Estate Planning involves careful structuring and distribution of your assets to ensure that they are protected and also are subject to minimum tax and other liabilities. Clients need to be extremely careful in determining their investment structure to ensure that their tax liabilities are minimized and they also do not violate any legislative provisions.
Trust has traditionally been one of the most preferred modes of asset protection in offshore jurisdictions. It requires two persons to start a trust, a Settlor and a Trustee. A settlor provides the assets for the trust and through the trust, deed provides the guidelines through which the trustee should manage the assets for the ultimate owner of the trust – ‘The beneficiary.’
The Trustee just acts as the intermediate owner and the ultimate owner of the ‘Trust assets’ is the beneficiary. A trust is preferred as an investment option as it is considered as a separate legal entity under which the assets provided to the Trust no longer belong to the settler. The Courts under almost all circumstances do not look into the trust assets and leave them aside from the assets of the settler.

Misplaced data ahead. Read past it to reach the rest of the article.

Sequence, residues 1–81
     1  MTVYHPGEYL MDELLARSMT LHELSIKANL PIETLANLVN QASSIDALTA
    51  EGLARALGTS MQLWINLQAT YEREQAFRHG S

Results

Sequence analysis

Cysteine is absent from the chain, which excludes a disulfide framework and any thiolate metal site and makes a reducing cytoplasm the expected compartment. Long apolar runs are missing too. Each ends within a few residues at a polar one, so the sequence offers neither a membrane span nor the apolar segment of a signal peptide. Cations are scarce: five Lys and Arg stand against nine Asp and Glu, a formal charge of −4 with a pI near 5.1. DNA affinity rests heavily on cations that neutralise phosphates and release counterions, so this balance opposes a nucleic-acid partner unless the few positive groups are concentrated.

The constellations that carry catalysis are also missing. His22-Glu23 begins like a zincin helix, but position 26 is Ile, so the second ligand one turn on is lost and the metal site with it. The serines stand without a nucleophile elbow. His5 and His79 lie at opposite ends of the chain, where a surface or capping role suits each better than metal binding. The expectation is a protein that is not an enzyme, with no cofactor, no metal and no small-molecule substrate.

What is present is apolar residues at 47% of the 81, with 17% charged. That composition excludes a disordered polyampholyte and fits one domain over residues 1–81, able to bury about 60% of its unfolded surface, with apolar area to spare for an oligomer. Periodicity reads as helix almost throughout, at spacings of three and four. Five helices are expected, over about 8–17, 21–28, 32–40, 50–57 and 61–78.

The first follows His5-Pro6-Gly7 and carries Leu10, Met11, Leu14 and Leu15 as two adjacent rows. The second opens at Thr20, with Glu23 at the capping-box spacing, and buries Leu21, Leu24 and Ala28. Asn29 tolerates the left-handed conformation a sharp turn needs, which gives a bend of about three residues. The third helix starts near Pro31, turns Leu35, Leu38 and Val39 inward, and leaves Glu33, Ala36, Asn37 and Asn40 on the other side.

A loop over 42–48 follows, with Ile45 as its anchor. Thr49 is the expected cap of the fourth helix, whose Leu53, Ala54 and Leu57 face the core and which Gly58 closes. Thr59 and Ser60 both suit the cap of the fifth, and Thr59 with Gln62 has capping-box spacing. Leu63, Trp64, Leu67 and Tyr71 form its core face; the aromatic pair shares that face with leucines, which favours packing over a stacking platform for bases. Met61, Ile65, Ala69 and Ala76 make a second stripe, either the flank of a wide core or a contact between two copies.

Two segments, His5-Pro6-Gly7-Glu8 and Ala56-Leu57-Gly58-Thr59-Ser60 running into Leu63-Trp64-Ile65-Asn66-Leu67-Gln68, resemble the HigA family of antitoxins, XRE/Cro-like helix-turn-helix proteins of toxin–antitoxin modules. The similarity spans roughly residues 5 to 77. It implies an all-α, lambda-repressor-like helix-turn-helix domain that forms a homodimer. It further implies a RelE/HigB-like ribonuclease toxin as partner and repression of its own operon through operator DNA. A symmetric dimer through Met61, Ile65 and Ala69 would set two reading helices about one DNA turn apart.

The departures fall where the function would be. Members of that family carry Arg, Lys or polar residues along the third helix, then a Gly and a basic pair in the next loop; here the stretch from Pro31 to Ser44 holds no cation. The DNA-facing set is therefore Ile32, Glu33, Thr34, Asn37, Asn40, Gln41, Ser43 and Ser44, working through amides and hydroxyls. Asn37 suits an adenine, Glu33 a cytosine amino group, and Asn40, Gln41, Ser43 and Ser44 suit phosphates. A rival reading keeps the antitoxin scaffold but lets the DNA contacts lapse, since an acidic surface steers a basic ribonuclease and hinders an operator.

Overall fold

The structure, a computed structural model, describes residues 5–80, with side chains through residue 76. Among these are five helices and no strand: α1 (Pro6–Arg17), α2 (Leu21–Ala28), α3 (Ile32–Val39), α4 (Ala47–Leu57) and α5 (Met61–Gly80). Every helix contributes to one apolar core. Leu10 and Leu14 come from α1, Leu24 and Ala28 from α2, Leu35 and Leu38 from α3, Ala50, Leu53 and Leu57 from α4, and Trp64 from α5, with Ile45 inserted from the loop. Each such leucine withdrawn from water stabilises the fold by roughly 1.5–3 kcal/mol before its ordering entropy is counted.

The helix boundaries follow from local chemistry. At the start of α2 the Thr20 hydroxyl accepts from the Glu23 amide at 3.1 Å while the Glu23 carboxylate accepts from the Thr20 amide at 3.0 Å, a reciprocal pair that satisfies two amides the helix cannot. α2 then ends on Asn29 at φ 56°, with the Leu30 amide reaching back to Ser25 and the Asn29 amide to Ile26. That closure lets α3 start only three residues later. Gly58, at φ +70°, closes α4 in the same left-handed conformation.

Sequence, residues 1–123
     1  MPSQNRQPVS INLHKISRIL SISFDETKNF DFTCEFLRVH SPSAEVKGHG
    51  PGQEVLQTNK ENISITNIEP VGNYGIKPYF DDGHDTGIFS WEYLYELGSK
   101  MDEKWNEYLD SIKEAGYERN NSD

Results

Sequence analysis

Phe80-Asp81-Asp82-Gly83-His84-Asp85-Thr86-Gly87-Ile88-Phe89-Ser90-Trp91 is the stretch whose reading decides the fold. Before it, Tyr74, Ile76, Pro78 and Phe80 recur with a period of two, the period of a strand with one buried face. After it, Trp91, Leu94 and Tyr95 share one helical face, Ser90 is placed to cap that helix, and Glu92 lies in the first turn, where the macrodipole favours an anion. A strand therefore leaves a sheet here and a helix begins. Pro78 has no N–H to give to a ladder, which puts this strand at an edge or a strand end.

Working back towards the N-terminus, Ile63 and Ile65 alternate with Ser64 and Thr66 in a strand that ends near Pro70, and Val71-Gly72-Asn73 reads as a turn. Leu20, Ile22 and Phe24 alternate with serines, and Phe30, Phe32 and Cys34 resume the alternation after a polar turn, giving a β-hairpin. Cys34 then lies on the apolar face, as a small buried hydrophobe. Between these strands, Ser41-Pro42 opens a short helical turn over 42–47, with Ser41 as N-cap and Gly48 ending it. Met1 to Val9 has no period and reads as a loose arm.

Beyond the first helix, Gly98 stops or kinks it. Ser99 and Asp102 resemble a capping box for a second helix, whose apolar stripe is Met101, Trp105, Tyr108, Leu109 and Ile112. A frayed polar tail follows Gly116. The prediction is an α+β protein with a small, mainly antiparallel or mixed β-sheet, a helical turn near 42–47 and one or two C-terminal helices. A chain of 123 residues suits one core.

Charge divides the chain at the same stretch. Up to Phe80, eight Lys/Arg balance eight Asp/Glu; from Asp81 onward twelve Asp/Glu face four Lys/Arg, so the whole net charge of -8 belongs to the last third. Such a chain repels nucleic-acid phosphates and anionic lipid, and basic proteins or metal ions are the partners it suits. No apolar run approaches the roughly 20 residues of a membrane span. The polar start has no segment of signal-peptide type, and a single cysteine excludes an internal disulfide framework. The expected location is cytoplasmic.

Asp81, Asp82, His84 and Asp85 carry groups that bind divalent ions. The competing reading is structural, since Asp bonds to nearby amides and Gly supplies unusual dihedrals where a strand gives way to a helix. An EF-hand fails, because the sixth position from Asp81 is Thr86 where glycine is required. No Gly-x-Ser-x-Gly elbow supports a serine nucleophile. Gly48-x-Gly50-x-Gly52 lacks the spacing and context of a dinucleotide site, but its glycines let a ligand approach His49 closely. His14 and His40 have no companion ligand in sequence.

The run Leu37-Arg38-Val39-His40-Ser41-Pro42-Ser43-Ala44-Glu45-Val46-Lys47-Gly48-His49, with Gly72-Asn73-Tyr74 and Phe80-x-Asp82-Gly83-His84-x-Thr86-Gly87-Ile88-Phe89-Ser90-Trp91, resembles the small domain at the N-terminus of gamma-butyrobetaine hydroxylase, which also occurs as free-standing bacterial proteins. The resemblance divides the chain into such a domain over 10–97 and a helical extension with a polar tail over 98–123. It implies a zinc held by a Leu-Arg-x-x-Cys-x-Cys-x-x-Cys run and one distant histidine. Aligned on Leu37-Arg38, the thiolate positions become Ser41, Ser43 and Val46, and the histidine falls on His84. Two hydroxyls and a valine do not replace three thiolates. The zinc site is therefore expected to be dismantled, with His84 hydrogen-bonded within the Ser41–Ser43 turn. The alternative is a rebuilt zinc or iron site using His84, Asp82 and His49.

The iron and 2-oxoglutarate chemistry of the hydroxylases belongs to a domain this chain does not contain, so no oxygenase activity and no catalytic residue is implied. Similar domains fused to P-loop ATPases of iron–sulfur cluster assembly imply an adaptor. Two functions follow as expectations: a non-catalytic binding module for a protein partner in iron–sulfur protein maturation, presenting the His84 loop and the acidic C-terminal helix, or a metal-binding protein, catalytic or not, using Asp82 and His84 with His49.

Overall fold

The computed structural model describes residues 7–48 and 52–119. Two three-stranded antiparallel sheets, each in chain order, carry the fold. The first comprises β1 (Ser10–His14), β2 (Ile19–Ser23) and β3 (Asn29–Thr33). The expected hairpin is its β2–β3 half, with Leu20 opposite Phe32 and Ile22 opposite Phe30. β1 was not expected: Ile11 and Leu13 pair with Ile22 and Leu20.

The trust and estate plan of every individual normally varies because they have their plans and goals to fulfill. Further, the quantum and types of assets vary and also the way that they are managed.
Estate planning requires careful evaluation of all issues to ensure that the final beneficiaries can make full use of the assets and on the other hand there is no loss of control by the original owner of the assets. Estate planning also in many cases involves succession plans, nonprofits, planned giving programs, tax-exempt organizations, charitable trusts, and private foundations.
No designation has been made by the Texas Board of Legal Specialization for a Certificate of Special Competence in this area.